As the years have gone by, I have noticed that adding classes on writing your life story has emerged as a growing trend in adult education forums. I have taught both in a continuing education program at the University of Virginia and through a senior education program: OLLI (Osher Lifelong Learning Institute). Classes across the country have been sprouting up in these and other kinds of learning centers because in today’s hectic and often disconnected lifestyle, the desire to capture our life stories has never been greater. We all have a story to tell, and we sense that we all have something to offer to others in the telling.

With the launching of all these writing your life story classes, hundreds of teachers and instructors are taking on the responsibility of teaching autobiographical writing for the first timer. Many newcomers to the field have approached me for advice and feedback. I’m always happy to assist them. So for those who also may have the opportunity to begin to teach life-story writing soon, I offer a few suggested guiding points that may be helpful for you:

1. Remember that you are not teaching a craft, you’re teaching a process.

Many experienced and talented writers often assume that if they are assigned to teach a class on writing your life story, they are teaching writing. They focus on the writing philosophies, strategies, tools, and mechanics that have served them and that they believe in. They embrace a mission of helping their students become better writers.

And they miss the boat.

In my experience, the vast majority of men and women who show up for an adult education class on autobiographical writing do not come with a determination to become shining stars in the art of writing. They are there because they want to capture parts of their lives for their loved ones, or because they believe that through sharing their challenges and achievements, they have an opportunity to inform, educate, or inspire others. Or they feel called to explore their past as way to heal or gain closure, or just to better understand and appreciate our life journeys. What they need more than anything is permission to do what they want to do, along with encouragement, reassurance, and enough ideas and tools to find their own way to begin chronicling their life story in a way that will work for them.

When I teach my classes, I look at my role as one of facilitator. I am helping to create and maintain a space where people can feel comfortable about themselves doing something that’s often quite new and alien, and often intimidating, to them. Nothing excites me more than to hear my students talk of their excitement about seeing that they really can write stories of their lives and feel good about it – even if they were told they can’t write and never enjoyed the process of writing when required to engage in it.

And you know what? Each student, in his or her own way, also happens to demonstrate improvements in their writing. They find their own voice. They experiment a bit here and there. They recognize their strengths and how to build on them, while also recognizing that they don’t have to write like anyone else or meet anyone’s standards but their own. Something is set free for them, and it is beautiful to witness.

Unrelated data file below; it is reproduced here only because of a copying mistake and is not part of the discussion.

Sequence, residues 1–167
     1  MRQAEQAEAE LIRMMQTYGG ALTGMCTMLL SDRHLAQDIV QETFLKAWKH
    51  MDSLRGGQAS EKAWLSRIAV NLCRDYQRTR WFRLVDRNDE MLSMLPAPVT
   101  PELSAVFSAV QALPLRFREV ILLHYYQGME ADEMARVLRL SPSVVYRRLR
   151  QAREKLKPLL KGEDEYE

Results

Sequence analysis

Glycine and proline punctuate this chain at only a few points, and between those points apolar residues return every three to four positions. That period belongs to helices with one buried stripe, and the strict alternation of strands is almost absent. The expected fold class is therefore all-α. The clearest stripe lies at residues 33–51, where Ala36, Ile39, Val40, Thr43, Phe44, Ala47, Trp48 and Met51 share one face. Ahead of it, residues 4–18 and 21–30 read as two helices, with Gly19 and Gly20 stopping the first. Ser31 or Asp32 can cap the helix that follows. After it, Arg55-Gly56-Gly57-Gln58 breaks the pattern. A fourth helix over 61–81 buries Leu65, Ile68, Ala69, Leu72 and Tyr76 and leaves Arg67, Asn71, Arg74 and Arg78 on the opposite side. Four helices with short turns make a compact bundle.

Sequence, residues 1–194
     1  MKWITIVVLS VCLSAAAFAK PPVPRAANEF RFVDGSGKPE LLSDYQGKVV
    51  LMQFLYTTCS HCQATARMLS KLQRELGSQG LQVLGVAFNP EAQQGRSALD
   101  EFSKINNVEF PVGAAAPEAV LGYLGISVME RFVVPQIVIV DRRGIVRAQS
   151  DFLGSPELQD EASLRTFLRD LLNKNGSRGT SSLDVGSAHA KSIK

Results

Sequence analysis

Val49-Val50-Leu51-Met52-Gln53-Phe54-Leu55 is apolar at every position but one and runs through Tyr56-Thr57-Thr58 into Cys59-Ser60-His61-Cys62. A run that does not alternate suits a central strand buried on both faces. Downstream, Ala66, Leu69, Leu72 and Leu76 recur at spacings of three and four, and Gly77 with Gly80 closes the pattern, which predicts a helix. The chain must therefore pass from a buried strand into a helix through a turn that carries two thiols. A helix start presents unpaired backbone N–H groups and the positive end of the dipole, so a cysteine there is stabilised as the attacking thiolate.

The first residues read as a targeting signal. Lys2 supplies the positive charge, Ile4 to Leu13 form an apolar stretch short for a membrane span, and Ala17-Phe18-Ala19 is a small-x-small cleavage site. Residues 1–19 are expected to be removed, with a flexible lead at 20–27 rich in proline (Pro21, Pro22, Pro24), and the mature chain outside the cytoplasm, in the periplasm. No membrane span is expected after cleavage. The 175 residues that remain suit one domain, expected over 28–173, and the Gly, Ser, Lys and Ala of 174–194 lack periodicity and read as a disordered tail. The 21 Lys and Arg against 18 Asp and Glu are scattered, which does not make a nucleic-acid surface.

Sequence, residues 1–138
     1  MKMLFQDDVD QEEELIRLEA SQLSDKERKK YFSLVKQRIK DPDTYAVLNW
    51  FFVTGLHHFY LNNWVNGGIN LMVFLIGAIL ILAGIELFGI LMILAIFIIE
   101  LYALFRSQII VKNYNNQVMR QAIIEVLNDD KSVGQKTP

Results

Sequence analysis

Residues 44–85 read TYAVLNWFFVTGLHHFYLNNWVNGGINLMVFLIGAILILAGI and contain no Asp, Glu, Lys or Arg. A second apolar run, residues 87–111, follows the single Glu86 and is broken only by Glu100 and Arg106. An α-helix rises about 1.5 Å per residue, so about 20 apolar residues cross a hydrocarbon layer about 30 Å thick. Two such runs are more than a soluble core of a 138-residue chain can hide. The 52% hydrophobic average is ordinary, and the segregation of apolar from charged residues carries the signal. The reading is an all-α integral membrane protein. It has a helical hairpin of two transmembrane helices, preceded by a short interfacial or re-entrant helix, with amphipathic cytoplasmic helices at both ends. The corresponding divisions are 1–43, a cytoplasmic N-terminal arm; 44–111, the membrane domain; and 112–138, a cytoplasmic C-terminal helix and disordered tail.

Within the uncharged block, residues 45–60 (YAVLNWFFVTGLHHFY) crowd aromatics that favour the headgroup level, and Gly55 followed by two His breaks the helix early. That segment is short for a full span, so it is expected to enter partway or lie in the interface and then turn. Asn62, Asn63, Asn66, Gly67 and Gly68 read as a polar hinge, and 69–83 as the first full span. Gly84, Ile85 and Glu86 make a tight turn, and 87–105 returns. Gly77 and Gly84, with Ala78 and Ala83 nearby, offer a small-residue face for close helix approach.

2. Help build connections among your students.

I discovered early on in teaching classes on writing your life story that students gain as much or more encouragement, support, understanding, and valued feedback from their fellow students as they do from me as their teacher. So I look for ways to build and sustain that part of the process.

On the first day of my Writing Your Life Story class, all my students get a chance to introduce themselves to the group. It’s nothing fancy or stressful. They simply tell others how long they have lived in our area, where they are from or the place they would call “home,” and one thing they would like to gain from taking this class. Connections among strangers often begin right there, generated by commonalities in where they have lived or what has drawn them to this class.

Then, I allow ample time in every class for students to orally share their stories with the class. Again, people notice more commonalities in their lived experiences and perspectives, and they often gain a greater respect or appreciation for differences. To help students feel comfortable, I make clear that the first round of sharing is simply to be heard. We in the audience listen only to honor the writer. There is no feedback, either from me or from fellow students. It opens a door to share more.

Then, when we do move on to offering peer feedback, I establish firm and clear guidelines on the nature of feedback that we commit to. I ask students to share either: 1) something in the piece of writing they just heard that stood out for them generally: vivid descriptions, an honest and sincere voice, engagement with the drama of the story, a sense of humor, a character that left an impression; 2) a particular passage, phrase, or section that left a strong impression: a key line of dialogue, the surprise ending, a transition that effectively moved us into new terrain, etc.; 3) something they personally resonated with: the sadness from loss or disappointment, the joyful and poignant memories of the simple joys of childhood from a different time in our life and culture, the satisfaction of building a career or a marriage, etc.; 4) something they might like to hear more about: a character mentioned only briefly, the author’s emotional response to a situation that seemed important or dramatic, a description of a place that pops up briefly, etc.